And that is what they are working towards, relevance in the consumer marketplace. It just happens that that marketplace is mobile.

A company makes a lot of money off of its core products?!?!? Who would have thought that?!?!?

Anyways Microsoft has A LOT more products for the corporate environment then just Office and Windows.

You act like MS has tricked all the major company into using their products for decades to earn huge profits considering all the terrible products MS has.

Your comments can be taken more seriously if you try to show a level of unbias and just show facts.

Re: "The structure of Apple certainly wasn’t created by fiat a month prior to a CEO hitting the bricks."

Neither was Microsoft's.

There is only 1 man in entire universe who could take control of that big ship: Bill Gates.

And, he is Google's worst nightmare.

PC World, of all web sites, has a great collection of Steve Ballmer's wackiest, sweatiest, chimp-screamiest video hits:


Now that we can look back on Ballmer's tenure as CEO, we can see that he always talked like a sales guy. He talked to interviewers like he was trying to get them to buy Microsoft products and not Apple's. He talked to auditoriums full of developers like he was trying to motivate sales droids to beat next quarter's sales quotas. He talked to everyone like a sales guy would.

Fine. But what really hurt Microsoft is that he also *thought* like a sales guy.
And sales guys only care about two things:

1. Closing sales right now.
2. Next quarter's sales quota.

And that's just not a big enough picture. It takes long-term vision to build a strategy to guide a big company like Microsoft to success outside its core competency. Not quarter-by-quarter tactics.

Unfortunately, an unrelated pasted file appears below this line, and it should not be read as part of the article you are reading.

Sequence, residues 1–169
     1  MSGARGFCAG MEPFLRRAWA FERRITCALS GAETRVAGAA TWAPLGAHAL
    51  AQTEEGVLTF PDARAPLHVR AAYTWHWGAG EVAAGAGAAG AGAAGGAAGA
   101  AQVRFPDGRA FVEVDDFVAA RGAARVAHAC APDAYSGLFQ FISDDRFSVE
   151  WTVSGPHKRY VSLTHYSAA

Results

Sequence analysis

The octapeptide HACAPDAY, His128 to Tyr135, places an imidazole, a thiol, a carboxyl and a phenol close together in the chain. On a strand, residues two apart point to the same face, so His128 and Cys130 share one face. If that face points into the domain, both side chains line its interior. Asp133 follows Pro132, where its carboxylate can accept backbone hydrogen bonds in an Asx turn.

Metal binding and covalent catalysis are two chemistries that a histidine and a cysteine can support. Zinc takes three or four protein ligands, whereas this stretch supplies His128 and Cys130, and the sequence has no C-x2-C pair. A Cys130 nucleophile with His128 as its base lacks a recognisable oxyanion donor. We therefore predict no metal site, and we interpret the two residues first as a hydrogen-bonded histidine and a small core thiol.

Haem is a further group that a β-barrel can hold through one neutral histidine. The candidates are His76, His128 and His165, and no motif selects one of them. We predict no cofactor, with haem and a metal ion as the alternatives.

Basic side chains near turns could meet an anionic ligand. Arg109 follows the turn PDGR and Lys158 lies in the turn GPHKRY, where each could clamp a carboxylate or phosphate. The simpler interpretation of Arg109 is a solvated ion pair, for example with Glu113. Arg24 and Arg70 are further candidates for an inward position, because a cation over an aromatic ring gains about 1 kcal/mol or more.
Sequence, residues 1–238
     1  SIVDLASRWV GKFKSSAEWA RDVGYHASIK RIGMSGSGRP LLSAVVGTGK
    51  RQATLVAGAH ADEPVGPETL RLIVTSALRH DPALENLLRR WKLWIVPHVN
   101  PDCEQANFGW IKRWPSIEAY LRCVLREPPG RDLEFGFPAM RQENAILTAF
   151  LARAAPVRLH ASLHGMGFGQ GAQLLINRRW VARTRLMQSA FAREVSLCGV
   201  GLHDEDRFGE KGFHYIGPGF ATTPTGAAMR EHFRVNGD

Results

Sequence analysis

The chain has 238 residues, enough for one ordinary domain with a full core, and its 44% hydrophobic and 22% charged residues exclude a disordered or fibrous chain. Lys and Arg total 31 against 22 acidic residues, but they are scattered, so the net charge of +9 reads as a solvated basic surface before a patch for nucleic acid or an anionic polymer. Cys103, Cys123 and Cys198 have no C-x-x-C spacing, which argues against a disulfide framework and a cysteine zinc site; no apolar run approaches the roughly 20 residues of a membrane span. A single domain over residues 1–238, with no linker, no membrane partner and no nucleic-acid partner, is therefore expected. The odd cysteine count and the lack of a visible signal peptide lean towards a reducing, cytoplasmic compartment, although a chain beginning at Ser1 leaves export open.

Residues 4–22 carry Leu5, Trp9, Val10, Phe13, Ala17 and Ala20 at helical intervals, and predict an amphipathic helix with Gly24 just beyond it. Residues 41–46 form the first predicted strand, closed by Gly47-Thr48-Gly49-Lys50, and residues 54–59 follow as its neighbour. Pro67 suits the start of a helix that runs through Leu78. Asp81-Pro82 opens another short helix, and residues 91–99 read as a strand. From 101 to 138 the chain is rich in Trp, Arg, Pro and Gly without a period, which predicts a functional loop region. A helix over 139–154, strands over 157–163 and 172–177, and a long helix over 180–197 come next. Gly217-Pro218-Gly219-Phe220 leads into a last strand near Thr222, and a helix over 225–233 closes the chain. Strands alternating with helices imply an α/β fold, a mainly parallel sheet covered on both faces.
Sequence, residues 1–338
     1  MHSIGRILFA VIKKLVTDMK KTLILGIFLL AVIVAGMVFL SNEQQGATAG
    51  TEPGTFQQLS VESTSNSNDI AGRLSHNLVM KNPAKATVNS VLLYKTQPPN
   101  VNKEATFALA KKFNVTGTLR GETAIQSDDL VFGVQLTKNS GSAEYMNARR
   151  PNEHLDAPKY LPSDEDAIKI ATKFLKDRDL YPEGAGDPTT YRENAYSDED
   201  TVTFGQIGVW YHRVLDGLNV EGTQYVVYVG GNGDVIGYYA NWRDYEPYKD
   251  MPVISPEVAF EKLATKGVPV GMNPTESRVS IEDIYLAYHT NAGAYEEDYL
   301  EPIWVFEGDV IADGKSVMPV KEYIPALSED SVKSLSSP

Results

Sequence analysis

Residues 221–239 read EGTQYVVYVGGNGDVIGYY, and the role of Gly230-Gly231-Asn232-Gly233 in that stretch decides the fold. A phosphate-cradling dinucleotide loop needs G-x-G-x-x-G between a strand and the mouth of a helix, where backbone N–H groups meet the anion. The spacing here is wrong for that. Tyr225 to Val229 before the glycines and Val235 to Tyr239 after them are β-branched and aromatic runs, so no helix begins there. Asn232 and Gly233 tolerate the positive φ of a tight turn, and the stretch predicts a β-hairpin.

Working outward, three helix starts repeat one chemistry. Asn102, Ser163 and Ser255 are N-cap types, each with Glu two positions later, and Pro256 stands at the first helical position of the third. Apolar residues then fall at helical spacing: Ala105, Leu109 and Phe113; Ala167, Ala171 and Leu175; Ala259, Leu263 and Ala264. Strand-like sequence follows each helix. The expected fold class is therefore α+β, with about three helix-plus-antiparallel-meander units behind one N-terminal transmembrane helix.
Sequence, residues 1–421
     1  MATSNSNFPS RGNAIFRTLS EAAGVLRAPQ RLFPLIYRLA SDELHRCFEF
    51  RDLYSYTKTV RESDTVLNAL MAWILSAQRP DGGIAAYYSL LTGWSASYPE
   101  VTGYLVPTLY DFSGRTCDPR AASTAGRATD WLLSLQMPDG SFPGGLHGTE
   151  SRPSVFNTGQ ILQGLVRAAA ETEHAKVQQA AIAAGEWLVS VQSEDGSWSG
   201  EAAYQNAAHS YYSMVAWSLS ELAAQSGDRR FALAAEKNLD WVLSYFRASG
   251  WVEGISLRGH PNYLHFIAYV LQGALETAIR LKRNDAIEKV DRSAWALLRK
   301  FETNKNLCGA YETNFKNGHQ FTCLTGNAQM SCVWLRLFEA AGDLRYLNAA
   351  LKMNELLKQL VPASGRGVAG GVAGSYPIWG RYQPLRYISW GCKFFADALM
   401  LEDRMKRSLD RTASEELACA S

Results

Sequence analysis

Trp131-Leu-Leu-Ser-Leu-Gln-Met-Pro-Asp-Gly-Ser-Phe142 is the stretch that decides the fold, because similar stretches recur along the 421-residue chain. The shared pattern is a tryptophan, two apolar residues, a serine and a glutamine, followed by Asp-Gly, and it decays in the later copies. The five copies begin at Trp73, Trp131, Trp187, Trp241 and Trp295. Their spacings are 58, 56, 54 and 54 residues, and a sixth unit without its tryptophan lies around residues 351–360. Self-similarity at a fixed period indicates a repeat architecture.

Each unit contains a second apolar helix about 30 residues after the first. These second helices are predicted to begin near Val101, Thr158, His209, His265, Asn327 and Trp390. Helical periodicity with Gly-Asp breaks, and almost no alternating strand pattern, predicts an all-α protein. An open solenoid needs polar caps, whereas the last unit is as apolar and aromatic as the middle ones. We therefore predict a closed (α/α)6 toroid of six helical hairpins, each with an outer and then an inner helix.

Just thinking out loud:
There's no way would Ballmer have announced the re-org if he was planning to retire.
There's no way his unplanned retirement happened overnight, the pressures were obvious to him.
He announced the re-org to get a confidence vote from the market to deflect the Board. With no stock pop, he lost.
My guess this means the re-org is (effectively, if not officially) on hold.
They bring in a new CEO by January. Microsoft will never be the same. They will make p-rofits*, but they'll never again be the 600-lb gorilla dominating the marketplace. It's hard to see how they escape the declining market for their cash cow products. Blackberry writ large. The answer to the plea "what did we do wrong?" is "nothing" (in all its meanings).

* - evidently a comment can't refer to m-o-n-e-y without being flagged as spam

I have no idea why iMore would cover this. So Ballmer is going to retire in 12 months, why is there an article on the way Microsoft is setting up a to copy Apple and how it will fail. On some days no story is the better idea.

Two reasons why iMore would cover this:
1. It's the day's biggest tech news.
2. We're all getting sick and tired of "leaked" iPhone 5S / 5C component photos.